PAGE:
To the editor: It shouldn't have come as a surprise that teachers went the distance for their students during the last school year during remote learning.
Now that almost everyone is back in the classroom, you would think that the administration, the parents and the students would be grateful. Sadly, this isn't so. The administration piles more and more responsibility onto the teachers' shoulders and then onto the students' shoulders as if every student is in high school.
They are not. Elementary school is preschool through fifth grade so we are talking about young children. Each elementary teacher is trying to protect these young minds and bodies while motivating them to learn and round them out to become functioning members of society. How did we lose sight of this? MCAS and a change in special education philosophy. For some time, there has been an exodus of teachers and principals out of Pittsfield to other school systems because the Pittsfield population has become very difficult to teach with success.
It reached its high point and really became difficult when the opioid crisis worsened. More parents went to jail/rehab, so this crisis has led to more foster care placements, grandparents raising grandchildren, other family members raising children and tired children. Tired children are cranky and unmotivated. Some are downright awful and yet teachers are to somehow work around them without much help from some principals and adjustment counselors.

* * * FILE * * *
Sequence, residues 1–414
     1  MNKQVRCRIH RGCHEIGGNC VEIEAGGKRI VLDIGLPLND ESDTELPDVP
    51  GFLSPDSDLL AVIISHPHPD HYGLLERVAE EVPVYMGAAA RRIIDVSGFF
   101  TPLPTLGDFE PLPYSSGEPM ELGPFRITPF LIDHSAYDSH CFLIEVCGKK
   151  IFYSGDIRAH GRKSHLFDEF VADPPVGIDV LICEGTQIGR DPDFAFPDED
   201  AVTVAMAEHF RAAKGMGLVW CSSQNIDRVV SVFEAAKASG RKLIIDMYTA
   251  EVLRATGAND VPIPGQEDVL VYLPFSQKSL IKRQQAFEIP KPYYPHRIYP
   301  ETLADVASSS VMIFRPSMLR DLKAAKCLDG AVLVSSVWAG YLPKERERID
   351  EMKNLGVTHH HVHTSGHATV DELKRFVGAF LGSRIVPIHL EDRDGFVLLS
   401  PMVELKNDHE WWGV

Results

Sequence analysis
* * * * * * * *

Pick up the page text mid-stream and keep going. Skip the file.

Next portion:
The child is not always right. Letting him play with an adult after insulting the teacher and disrupting the class is an awful idea. But, it is definitely an accepted practice right now. Let me close with this thought: A school isn't a school unless there are two things besides a building — teachers and students. Everyone else is extra. So, don't teachers deserve more support while they are dealing with every type of child, illness, family crises and MCAS requirements?
Pittsfield, let's not add to a teacher's burnout or the most vital piece of a child's education will be missing: the teacher.
Anne Larrow, Pittsfield